Active Directory Password Expiry Notification
Since upgrading my workplace to Windows 7 my department got a lot of complaints from users that they no longer knew when their passwords would expire.
As you’re probably aware, the little balloon box in Windows 7 isn’t all that noticeable compared to the dialogue box Windows XP threw requiring you to actually acknowledge the notice.
Two years ago I hacked a little PowerShell script that sent off a text based email to each user when their password was close to expire. It worked well, as ugly as it was, but I wanted to build in reporting. I ended up re-writing it, and today I’m releasing it into the wild.
Let me introduce to you the Active Directory Password Expiry Notification script, or ADPENS.
Written in PowerShell, ADPENS quickly combs through Active Directory in search of enabled users and sends them a pretty HTML notification email when their password has, or is about to expire.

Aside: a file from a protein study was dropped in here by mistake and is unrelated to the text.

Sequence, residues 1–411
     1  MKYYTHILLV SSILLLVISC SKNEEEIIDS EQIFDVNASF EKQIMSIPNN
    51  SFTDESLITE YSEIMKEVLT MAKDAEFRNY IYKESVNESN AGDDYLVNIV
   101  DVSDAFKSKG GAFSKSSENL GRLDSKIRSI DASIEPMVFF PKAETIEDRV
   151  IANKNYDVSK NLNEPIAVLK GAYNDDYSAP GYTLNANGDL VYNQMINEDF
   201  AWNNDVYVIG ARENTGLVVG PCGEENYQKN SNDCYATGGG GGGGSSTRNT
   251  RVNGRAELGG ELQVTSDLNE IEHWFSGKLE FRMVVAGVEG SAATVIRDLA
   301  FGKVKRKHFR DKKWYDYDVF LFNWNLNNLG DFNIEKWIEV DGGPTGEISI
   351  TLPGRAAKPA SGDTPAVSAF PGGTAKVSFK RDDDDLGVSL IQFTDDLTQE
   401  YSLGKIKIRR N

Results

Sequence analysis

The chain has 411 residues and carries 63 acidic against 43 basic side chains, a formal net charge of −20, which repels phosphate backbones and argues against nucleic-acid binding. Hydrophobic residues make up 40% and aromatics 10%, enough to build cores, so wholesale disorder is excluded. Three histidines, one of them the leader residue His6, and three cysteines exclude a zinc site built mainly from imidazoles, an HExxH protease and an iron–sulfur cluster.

ADPENS is also capable of sending a report allowing administrators to know who can’t log in and who will have their password expire that day. This is useful in quickly troubleshooting why users have log in problems.
You can run the Active Directory password expiry notification script from within PowerShell, but the best way is to use the Task Scheduler on any domain controller and run daily from there. I highly recommend you sign the ADPENS script to work in your environment.
ADPENS works well but is a little rough around the edges. There is some code duplication and other things that could be cleaned up, but for a quick script its alright.
There are several variables that need to be set in order for the script to run, but I’ve documented it as well as I could and it should be easy to understand.
I hope you find this script useful! I’ve licensed this under the MIT license meaning you can do whatever you want with the script. My only wish is that any changes you make, to please merge them back so everyone can benefit.